From the New York Times, 11.05.07:
In Portland, Cultivating a Culture of Two WheelsInteresting article and video by the nation's paper of record, on the burgeoning bicycle economy in Portland, Oregon. The city has long been hailed as a the country's leading bicycling-friendly community. And this growing bike culture is encouraging businesses that serve bicyclists. And the bike economy's employees become a political constituency.
Cyclists have long revered Portland for its bicycle-friendly culture and infrastructure, including the network of bike lanes that the city began planning in the early 1970s. Now, riders are helping the city build a cycling economy.
There are, of course, huge national companies like Nike and Columbia Sportswear that have headquarters here and sell some cycling-related products, and there are well-known brands like Team Estrogen, which sells cycling clothing for women online from a Portland suburb.
Yet in a city often uncomfortable with corporate gloss, what is most distinctive about the emerging cycling industry here is the growing number of smaller businesses, whether bike frame builders or clothing makers, that often extol recycling as much as cycling, sustainability as much as success.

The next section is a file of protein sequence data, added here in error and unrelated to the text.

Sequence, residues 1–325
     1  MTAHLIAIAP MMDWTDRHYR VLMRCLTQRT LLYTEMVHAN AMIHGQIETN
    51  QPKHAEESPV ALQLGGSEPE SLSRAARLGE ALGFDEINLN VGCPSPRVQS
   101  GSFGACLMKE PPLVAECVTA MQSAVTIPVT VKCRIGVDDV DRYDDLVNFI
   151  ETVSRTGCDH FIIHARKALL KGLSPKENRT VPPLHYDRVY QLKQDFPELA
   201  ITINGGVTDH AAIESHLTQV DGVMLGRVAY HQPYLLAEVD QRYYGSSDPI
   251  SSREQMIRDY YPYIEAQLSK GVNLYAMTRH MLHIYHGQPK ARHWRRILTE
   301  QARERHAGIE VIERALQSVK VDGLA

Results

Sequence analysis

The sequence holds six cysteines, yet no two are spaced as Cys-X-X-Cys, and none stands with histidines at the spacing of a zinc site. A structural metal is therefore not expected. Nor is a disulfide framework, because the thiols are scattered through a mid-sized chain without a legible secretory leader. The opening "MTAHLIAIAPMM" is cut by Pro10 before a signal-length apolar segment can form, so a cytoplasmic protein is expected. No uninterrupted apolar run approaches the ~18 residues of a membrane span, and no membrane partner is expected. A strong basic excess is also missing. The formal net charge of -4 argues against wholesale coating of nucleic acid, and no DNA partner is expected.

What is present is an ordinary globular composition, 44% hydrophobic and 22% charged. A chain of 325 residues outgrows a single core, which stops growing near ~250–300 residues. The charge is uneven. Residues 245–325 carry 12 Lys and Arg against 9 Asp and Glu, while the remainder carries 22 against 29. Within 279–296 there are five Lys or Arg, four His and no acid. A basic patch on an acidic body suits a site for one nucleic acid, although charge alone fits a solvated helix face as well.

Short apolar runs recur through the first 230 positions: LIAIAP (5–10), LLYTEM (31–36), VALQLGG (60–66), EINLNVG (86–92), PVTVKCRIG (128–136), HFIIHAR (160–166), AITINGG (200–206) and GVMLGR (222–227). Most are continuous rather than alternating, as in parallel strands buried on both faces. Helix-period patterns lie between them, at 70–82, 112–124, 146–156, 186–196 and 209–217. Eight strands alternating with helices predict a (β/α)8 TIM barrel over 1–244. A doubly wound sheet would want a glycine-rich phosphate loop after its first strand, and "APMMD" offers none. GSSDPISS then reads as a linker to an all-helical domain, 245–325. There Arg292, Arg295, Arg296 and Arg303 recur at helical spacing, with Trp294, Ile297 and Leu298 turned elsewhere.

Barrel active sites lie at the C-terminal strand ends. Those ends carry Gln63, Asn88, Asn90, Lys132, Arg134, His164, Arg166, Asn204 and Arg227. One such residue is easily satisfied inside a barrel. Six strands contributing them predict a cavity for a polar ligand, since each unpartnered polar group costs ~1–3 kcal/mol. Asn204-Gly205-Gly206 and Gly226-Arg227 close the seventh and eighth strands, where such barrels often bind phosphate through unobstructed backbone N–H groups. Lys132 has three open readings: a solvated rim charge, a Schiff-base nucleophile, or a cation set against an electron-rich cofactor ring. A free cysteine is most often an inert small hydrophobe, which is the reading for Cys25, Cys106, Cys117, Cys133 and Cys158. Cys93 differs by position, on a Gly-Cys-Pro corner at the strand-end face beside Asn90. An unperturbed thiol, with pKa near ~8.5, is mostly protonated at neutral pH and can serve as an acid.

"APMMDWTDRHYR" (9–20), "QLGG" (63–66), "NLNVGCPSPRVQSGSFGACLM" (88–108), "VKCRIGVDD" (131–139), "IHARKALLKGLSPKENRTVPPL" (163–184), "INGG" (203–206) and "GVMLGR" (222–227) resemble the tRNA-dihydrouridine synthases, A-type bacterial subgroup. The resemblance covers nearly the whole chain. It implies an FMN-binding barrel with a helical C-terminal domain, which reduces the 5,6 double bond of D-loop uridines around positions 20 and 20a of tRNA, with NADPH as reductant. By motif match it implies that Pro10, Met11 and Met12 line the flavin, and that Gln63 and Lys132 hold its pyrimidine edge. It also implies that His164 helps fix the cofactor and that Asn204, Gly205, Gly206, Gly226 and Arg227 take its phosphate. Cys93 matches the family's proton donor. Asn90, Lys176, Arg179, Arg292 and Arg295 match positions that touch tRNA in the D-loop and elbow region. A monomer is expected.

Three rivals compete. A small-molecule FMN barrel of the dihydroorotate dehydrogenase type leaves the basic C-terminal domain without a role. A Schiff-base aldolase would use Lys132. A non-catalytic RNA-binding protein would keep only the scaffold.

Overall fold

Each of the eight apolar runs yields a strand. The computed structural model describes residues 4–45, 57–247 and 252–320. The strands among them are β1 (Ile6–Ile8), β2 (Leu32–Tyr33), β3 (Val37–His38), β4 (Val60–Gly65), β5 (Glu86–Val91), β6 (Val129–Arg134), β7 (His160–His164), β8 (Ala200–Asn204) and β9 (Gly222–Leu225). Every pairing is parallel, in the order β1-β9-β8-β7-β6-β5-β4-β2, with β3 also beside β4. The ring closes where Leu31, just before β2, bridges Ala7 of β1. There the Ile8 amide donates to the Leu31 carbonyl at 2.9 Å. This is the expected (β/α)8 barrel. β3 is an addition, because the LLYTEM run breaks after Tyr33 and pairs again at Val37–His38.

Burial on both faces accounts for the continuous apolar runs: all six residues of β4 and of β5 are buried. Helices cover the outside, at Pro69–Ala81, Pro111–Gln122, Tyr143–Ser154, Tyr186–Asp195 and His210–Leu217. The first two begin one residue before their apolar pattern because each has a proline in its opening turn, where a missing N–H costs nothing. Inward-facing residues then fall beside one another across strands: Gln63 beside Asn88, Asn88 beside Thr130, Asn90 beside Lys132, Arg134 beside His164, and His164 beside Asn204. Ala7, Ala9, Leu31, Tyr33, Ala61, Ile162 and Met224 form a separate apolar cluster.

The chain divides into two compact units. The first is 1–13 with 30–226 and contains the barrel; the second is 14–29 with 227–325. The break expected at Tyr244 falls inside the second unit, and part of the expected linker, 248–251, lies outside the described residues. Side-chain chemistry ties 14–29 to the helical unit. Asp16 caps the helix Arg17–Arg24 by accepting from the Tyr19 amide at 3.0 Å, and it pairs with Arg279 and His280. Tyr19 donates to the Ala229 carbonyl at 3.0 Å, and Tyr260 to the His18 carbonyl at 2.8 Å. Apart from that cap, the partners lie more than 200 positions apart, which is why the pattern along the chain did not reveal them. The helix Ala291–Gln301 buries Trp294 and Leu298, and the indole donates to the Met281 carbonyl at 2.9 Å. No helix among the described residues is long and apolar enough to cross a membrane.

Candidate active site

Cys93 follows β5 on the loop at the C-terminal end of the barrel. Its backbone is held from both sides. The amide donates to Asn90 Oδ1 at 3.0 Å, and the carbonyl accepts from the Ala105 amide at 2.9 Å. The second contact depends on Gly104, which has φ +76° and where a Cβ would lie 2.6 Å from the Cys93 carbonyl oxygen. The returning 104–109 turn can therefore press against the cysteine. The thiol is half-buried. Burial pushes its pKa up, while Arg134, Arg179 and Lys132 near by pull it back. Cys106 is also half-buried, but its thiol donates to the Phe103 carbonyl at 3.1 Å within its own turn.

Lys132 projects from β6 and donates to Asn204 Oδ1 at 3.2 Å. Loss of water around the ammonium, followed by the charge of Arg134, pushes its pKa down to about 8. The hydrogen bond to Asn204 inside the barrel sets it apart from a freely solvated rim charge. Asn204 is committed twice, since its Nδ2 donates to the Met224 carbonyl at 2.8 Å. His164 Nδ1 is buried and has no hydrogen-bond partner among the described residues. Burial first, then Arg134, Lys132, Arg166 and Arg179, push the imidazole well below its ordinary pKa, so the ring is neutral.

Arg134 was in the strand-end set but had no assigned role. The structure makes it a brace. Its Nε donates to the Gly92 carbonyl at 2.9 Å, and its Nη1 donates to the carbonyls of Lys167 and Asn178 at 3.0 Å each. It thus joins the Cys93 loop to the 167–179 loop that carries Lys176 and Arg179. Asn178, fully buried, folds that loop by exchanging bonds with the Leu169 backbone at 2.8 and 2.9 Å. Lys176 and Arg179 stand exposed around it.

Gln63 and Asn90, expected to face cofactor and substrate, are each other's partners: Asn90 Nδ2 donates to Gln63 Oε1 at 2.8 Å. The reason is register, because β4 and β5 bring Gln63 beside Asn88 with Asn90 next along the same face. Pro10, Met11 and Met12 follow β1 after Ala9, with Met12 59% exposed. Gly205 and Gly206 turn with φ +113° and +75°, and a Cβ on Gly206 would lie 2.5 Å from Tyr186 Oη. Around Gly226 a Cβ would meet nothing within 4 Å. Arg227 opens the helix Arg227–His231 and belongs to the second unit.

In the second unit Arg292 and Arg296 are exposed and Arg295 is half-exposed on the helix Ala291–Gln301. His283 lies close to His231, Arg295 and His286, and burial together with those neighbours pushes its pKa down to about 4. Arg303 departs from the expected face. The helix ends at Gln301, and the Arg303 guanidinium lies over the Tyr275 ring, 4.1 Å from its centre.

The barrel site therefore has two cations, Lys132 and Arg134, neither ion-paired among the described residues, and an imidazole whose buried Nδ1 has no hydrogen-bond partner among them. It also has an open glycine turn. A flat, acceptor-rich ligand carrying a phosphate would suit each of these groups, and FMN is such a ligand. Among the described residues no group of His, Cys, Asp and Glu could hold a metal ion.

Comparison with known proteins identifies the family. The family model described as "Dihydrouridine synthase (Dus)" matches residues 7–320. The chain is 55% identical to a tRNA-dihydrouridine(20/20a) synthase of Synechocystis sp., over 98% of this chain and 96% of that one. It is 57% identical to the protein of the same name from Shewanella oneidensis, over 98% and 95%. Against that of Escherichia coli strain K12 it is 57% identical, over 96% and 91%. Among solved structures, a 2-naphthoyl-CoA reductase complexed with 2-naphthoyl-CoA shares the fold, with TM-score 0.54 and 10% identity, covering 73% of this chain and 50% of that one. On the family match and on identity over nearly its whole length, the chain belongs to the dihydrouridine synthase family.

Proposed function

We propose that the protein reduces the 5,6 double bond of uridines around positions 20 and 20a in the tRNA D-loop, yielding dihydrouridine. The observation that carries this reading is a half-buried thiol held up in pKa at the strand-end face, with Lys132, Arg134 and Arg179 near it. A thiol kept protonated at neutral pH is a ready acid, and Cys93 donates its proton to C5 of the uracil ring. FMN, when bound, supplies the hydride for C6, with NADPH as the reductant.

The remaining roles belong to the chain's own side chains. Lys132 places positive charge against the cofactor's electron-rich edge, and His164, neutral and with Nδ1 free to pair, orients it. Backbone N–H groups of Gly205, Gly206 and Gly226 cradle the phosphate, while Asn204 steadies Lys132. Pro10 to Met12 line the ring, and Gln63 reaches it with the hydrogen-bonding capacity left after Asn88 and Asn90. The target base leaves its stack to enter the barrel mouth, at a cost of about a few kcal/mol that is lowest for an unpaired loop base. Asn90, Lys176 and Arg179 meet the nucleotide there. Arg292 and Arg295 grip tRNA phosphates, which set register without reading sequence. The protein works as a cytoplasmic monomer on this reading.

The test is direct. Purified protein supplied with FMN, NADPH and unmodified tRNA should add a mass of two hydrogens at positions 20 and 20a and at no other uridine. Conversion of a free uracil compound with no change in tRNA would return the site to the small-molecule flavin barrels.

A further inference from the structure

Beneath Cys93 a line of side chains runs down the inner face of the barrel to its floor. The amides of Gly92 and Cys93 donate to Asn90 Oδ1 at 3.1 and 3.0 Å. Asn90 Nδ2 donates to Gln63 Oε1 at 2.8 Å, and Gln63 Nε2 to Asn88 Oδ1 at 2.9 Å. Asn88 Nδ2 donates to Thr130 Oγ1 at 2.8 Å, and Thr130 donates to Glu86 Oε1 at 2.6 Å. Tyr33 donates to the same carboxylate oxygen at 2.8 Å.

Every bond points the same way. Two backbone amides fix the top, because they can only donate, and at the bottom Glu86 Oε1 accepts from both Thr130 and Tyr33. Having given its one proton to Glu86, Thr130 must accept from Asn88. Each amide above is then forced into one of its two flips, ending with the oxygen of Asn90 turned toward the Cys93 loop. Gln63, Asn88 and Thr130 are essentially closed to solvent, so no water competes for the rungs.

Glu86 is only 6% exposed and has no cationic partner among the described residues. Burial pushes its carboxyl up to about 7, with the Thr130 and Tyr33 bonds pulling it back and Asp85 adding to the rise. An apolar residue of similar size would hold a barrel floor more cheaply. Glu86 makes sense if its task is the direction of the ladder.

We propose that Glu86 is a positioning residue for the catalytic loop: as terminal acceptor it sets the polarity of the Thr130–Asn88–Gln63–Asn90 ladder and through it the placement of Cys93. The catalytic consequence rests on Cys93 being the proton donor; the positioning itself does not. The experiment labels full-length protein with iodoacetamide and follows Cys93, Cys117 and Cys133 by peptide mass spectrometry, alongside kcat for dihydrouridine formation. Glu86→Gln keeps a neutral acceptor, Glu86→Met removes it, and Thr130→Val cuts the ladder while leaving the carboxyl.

In a report for the City of Portland last year, (Alta Planning and Design) estimated that 600 to 800 people worked in the cycling industry in some form. A decade earlier, (Mia) Birk said in an interview, the number would have been more like 200 and made up almost entirely of employees at retail bike stores. Now, Ms. Birk said, the city is nurturing the cycling industry, and there are about 125 bike-related businesses in Portland... (Read more.)
This photo presents a bike parking model I wish more cities would embrace: Removing car parking to create space for parked bikes. Don't force bicyclists and pedestrians into conflict by crowding sidewalks with bike racks. Get rid of the cars.
I'm late reporting this significant article, see also the comments at BikePortland.org. And my friend Bob in Portland--taking time from his ceaseless search for Sasquatch--commented: "There's something happenin' here, what it is ain't exactly clear. There's a man on bike over there..... Critical Mass? Maybe, but perhaps it's just the realization that it's the twilight of the age of the automobile."
Image: New York Times, bike parking in Portland
Visit: Paul Dorn's Bike Commuting Tips